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Should Skincare Smell Nice? Delving Into Fragrance in Skincare.

It’s not only about the skin… 



“... consumers’ reactions to a cosmetic product are not only based on the product efficacy but also on subjective factors, such as skin feel and aroma.”


This was the conclusion of a study conducted in 2013. The testers were more drawn to the fragrant product than to the fragrance-free one because they perceived it as more pleasurable. 


The study only confirmed what Daniel Milotic’s study did in 2006: the role of fragrance in consumer satisfaction is often underestimated. 


Humans love having their senses stimulated. Our olfactory system is particularly important to us - we want our sense of smell to be satisfied when analyzing a product. 

Where does that leave us when it comes to fragrance in skincare? 


The answer to that question divided the world… 



Is fragrance absolutely toxic for the skin, as it contains complex chemicals that irritate it or cause harm? 


Is fragrance an essential part of the product, as it makes it more valuable and enjoyable, and are there benefits in essential oils?



In this blog post, we’ll cover some of the topics surrounding fragrance in skincare to equip you with the knowledge you need to make an informed decision. Additionally, we’ll shine light upon a lesser-known subject that ultimately affects us all.





Should I question a fragranced product?


Right off the bat: there’s no simple answer to this. 


The complexity of a skincare product is immense. The term “fragrance” is thrown around everywhere, but it’s only the umbrella under which multiple ingredients lay. Fragrances can be natural or synthetic - more often than not, they’re used as a mix in a product, making it hard to know exactly what could potentially cause skin damage. 


However, there are reasons to consider if you have super sensitive skin or a compromised skin barrier. People with very reactive skin, experiencing rosacea, eczema, allergies etc. may be more prone to developing contact dermatitis because of allergens like fragrance. 

On top of that, The National Center for Biotechnology Information has conducted a study that provided an overview of specific chemicals in cosmetic products. The fragrance was one of the chemical compositions that were discussed.


The results showed that while the amounts of these specific chemicals are quite small, the problem is the very frequent exposure to them and the combination of multiple products that may contain the same ingredient. For example, if 5 of your skin care routine products contain fragrance, your skin could develop a strong reaction as opposed to only 1 product containing it.


As always, the best advice is to conduct a patch test or consult your dermatologist to find a good balance between the science of chemistry and the pleasure of a fresh-smelling product for your particular skin type.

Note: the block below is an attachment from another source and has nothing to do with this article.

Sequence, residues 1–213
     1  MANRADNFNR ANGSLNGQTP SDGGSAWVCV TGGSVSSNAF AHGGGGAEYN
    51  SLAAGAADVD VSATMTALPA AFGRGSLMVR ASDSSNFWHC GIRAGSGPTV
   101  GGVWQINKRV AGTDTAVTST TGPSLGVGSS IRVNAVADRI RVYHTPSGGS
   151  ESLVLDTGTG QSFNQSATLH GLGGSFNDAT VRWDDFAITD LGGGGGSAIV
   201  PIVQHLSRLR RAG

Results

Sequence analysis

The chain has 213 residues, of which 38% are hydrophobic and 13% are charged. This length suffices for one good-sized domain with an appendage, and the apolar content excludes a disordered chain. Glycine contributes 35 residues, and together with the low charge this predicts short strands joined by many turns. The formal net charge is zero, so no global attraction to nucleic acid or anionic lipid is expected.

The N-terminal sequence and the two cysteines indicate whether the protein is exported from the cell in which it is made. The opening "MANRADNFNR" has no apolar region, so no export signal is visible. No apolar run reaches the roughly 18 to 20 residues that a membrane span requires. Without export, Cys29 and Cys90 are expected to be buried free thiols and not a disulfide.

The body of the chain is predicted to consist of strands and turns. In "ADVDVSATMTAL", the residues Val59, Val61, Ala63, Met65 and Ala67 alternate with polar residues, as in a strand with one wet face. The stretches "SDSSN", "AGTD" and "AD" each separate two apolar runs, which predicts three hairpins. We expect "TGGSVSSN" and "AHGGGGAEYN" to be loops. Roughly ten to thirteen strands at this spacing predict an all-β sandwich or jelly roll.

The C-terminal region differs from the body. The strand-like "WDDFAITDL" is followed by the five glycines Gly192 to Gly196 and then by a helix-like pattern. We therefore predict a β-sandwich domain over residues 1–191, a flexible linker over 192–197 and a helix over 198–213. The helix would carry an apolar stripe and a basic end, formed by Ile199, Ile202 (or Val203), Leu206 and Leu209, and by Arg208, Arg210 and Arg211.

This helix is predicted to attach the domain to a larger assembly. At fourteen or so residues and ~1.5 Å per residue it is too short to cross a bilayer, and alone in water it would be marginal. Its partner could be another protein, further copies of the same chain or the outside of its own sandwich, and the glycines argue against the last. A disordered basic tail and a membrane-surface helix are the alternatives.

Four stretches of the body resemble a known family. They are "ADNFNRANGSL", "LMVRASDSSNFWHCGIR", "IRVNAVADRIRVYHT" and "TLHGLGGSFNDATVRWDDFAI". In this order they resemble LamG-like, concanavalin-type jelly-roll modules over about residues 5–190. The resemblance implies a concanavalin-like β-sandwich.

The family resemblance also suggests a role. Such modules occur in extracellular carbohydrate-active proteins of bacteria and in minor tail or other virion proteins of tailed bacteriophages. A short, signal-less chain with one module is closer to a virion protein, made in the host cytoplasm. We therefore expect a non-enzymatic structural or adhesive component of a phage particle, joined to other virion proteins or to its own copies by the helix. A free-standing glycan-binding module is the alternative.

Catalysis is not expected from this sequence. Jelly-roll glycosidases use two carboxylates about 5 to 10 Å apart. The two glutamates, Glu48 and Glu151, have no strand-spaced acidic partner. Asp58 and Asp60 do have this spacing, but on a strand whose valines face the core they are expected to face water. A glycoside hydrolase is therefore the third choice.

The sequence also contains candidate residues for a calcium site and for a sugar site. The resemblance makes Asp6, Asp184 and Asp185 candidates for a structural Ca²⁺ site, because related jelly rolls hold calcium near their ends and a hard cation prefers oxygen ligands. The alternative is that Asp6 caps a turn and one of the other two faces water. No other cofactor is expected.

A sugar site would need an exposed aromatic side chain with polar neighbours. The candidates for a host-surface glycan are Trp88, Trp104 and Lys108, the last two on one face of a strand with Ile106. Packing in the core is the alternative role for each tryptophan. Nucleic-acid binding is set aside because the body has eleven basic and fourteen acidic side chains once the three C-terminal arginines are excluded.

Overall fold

But natural is best right?


When the concerns around fragrance began, companies looked for natural ingredients that could reduce them. For that, essential oils were the answer, these amazingly smelling ingredients have been used for hundreds if not thousands of years. Although some essential oils may have great skin benefits, ecologically speaking, they may be doing more harm than good...


Answer me this: have you ever thought about how many plants they use for a small bottle of essential oils? 


I’ll tell you: ENORMOUS quantities. 


“It takes nearly eight million jasmine blossoms, hand-picked on the day the flowers open, to produce just over 2 pounds of superior essential oil.”, 

Storey writes.


You can now imagine how extensive are the harvesting fields. 


As wild harvesters (and the Earth, for that matter) can’t keep up with the incredible demand, companies have their sources in vast farms that may use pesticides to grow the flowers, thus contributing to environmental harm. The immense fields that this industry requires also result in reduced biodiversity and available space to grow food. 

Look, essential oils are definitely a better option than harsh synthetic ingredients. But let’s not lose sight of the importance of sustainability. 

If possible, do your research on the suppliers of the essential oils in your products. Check their background around sustainability - are they guided by ethical best practices? 


Ideally, you’d want materials sustainably grown or those produced by coops, that bring money for the locals. 


Making the best decisions regarding your skincare products can get to an overwhelming level sometimes. But the only one who knows what your skin likes is you (and probably your dermatologist). 


We recommend intentionally and mindfully assessing your skincare situation, researching the products you use, and making sure both you AND the environment are having the best time. 

At Wildefruit, we haven't found sustainable gentle ways to scent our products which is why they are fragrance free. 

Researched: 

https://www.storey.com/article/essential-oils-sustainability/

https://www.earthisland.org/journal/index.php/articles/entry/the_environmental_impact_of_essential_oils

https://www.ncbi.nlm.nih.gov/pmc/articles/PMC6477564/

https://onlinelibrary.wiley.com/doi/abs/10.1002/cb.131

https://www.researchgate.net/publication/262647263_Influence_of_the_presence_and_type_of_fragrance_on_the_sensory_perception_of_cosmetic_formulations

https://www.popsugar.co.uk/beauty/fragrance-in-skin-care-debate-according-to-experts-47806969?utm_medium=redirect&utm_campaign=US:RO&utm_source=www.google.com

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